Ever since the outbreak of the Second World War, RAF Pembrey has had an active and colourful flying history. Construction of the airfield started in 1937 and by September of 1939, the RAF's No. 2 Air Armament School were the first unit to be stationed at the airfield. By June 1940, Fighter Command was using Pembrey to base numerous fighter squadrons caught up in Britain's "finest hour...". During this period Pembrey gained honours as a Battle of Britain Airfield. It is believed that 25 official kills were accredited to aircraft flown out of Pembrey during the war years. Between 1941 and 1945 Pembrey was host to the RAF's Air Gunnery School, after which its activities relaxed a little and it became an air crew holding unit for war weary crews being demobbed. Fighter Command once again took over as custodians in 1946, and remained there, (with the exception of a period from 1949 to 1952, when the RAF Regiment were based at Pembrey), until their final service days and the airfields eventual closure on the 13th July 1957.

Pembrey has been host to many Squadrons and aircraft types. The following were the main Squadrons stationed at Pembrey during its active history. Although not an extensive list, it gives an insight into the character of Pembrey during its service history:

No's 595/5, 92, 118. (Spitfires); No's 32, 79, 316 - formed at Pembrey. (Hurricanes); No's 238, 248. (Beaufighters); No's 256, 307. (Bolton Paul Defiants). No 233 OCU (Vampires, Tempest, Mosquito, Meteors and Hunters)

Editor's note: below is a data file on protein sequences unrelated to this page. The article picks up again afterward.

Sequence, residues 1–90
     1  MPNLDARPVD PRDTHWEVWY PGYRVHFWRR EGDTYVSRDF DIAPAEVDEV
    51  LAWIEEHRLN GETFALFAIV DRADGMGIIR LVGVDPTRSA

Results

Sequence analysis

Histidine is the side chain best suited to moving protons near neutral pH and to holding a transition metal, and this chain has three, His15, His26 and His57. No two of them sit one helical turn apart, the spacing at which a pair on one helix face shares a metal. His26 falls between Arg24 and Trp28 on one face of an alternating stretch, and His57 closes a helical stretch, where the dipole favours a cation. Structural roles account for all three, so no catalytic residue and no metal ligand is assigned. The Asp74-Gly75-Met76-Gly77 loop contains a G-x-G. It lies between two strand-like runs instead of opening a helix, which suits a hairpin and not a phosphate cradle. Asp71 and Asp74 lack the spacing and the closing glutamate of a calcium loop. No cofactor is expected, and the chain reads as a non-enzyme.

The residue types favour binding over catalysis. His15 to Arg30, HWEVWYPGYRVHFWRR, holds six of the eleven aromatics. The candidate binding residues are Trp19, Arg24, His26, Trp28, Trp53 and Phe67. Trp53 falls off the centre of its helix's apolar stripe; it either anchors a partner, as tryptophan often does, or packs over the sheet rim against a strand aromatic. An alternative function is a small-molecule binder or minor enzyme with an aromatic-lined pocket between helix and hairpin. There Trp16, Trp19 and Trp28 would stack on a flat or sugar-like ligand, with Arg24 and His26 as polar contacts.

One noteworthy incident, (amongst many others - no doubt!) was the story of Oberleutnant Arnim Faber, Adjutant of III fighter Gruppe of JG2 who, on the 23rd of June 1942 had engaged Spitfires over the south coast of Britain and on heading towards Exeter, mistook the Bristol Channel for the English Channel. Being short on fuel, he landed at Pembrey believing it to be a Luftwaffe airfield in France. The Pembrey Duty Pilot, one Sgt. Jeffreys, grabbed a Very pistol and ran from the control tower and jumped onto the wing of Faber's aircraft as it taxied in. Ironically, Faber was piloting the latest enemy fighter, the Focke Wulf 190A, a type the RAF had only ever seen flying over France.

The depths of Faber's despair at providing his enemy with an intact FW190 can be gauged by the fact that he subsequently attempted to commit suicide! As news broke of his landing in Pembrey, Fighter Command despatched pilots to photograph and return the aircraft to the Royal Aircraft Establishment at Farnborough. The RAF finally had an Fw 190!